Safari on the Mac is not quite such a grim affair. Safari has a decent extension collection, though nothing close Firefox or Chrome. What you do get is Apple’s features to save on both resources and battery life. Both Chrome and Firefox are hungry for resources, and a few too many tabs can lead to a significant change in battery life.
Windows Media Player -> iTunes
Windows Media Player is the workaday default media player for Windows. If you have an iOS device, you probably already replaced it long before you got your Mac. iTunes being required for managing your iPhone/iPod/iPad on Windows, you might already be familiar with the app.
Most Mac users do not harbor much love for iTunes. It is, however, the default way to handle your Music, Movies, and iOS apps. More recently it was expanded to include support for Apple’s streaming music service, Apple Music.
iTunes is iTunes, and you are stuck with it for now unless you use Android (then you can use something like Doubletwist).
OneNote -> Notes
One Note is part of the Office suite, but it comes preinstalled on most Windows machines. It offers a notebook you can create tabs in to keep your notes, to-do lists, files, web pages and even drawings. Its Mac version is identical, so if you want to keep using it, you can.
If you are looking for a change, Mac’s built-in Notes app is a bit more simplified. There is a three pane interface. On the left are your folders, then a second pane with your notes laid out, then the main pane where you can edit your note. There is support for rich text, checklist, and linking files and web pages.
You lose the ability to create drawings or mark up your notes since Notes drawing support is for iOS only. That said, Notes is a capable text-based app. It even promises support for tables when High Sierra releases this fall.
Office -> iWork (Pages/Numbers/Keynote)
Okay, so this one is not a default Windows app. Yet, it is the way that most people think about getting “work” done on Windows. Like One Note, Office is already on the Mac, and it is at feature parity with the Windows version.
If you do not want to pay for an Office subscription, Apple has their suite of apps called iWork. Each is free for all Mac users. You can find them in the Mac App Store under individual apps: Pages, Numbers, and Keynote.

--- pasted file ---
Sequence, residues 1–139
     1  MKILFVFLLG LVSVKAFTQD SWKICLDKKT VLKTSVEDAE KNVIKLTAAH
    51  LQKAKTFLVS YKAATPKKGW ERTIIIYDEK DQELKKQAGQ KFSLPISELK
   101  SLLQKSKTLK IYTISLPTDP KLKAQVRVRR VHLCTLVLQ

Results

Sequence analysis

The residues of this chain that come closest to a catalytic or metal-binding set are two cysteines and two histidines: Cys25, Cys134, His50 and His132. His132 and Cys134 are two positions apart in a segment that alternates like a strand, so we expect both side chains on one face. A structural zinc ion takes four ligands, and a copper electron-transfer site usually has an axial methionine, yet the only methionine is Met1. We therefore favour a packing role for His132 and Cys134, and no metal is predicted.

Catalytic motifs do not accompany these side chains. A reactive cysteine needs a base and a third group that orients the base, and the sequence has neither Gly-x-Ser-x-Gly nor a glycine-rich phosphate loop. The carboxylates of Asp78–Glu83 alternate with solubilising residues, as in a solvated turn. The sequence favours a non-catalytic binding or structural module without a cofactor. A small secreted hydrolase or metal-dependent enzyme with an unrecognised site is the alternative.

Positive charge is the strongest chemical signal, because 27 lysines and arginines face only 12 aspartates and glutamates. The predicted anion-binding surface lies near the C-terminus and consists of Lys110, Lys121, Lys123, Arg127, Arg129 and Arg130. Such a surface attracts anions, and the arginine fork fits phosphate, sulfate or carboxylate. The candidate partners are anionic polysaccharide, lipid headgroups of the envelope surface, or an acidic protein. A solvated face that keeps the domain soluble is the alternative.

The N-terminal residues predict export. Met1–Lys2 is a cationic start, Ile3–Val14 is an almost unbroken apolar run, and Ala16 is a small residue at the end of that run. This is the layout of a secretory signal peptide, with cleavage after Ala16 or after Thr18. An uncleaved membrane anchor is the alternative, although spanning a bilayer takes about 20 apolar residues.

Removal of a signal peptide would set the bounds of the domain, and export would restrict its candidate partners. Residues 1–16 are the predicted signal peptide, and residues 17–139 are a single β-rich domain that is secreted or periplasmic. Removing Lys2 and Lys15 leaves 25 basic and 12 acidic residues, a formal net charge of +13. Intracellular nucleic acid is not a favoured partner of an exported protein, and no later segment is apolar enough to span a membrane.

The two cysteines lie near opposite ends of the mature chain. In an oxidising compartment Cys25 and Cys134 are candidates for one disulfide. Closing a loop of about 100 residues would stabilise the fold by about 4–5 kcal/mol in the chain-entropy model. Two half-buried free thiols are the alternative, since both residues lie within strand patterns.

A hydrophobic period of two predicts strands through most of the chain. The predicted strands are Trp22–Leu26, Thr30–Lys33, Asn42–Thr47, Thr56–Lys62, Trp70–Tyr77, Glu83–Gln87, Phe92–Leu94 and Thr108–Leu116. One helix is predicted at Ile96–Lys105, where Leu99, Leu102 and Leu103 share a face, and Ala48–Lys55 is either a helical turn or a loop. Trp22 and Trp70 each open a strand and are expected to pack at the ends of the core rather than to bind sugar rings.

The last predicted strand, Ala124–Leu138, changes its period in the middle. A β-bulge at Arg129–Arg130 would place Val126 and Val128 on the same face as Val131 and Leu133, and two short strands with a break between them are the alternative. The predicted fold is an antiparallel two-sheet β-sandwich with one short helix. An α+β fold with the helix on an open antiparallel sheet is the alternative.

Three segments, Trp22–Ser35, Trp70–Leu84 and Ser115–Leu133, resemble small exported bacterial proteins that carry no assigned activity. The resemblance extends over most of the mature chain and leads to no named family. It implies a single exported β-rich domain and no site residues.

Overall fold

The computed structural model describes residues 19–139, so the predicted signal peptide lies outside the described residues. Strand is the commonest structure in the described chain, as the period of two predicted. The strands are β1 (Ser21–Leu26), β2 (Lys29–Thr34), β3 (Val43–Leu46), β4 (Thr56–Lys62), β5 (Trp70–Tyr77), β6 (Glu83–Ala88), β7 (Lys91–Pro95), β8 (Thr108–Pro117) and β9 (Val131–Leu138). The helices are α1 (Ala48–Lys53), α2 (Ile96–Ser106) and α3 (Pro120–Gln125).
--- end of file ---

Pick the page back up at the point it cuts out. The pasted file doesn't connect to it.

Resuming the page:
Pages is not only a word processor but also is a basic page layout app. You can make business cards, pamphlets, and basic posters. Numbers is nowhere near as powerful as Excel, but ideal for basic organization. Keynote is superior to Powerpoint in many ways. It is the app Apple uses internally for their events.
All the apps are compatible with their Office counterparts. Like Open Office, that compatibility does not always work with advanced features.
Scheduled Tasks -> Automator
Scheduled Tasks is a powerful way to control your Windows machine. If you have started scheduling programs and scripts to run at certain times, you may wonder what the Mac has to match that kind of power.
Automator has you covered. It has a Calendar Event option that allows you to schedule your workflows to run via the built in Mac calendar. Automator is even more powerful, allowing you to create Services and Applications. If you are interested in automating your Mac, you can see our tutorial here.
Switching From Windows to Mac?
These are just the Apps that you can get from Apple or are preinstalled on your Mac. One of the best things about moving to the Mac is the developer community. There are apps made by people who care about the tools that they make and the people who use them. You should explore alternatives beyond the basics — you might find the perfect app for you.
What is the one thing from Windows you wish the Mac did better since switching? If you are a long time Mac user, what is your favorite app? Let us know in the comments.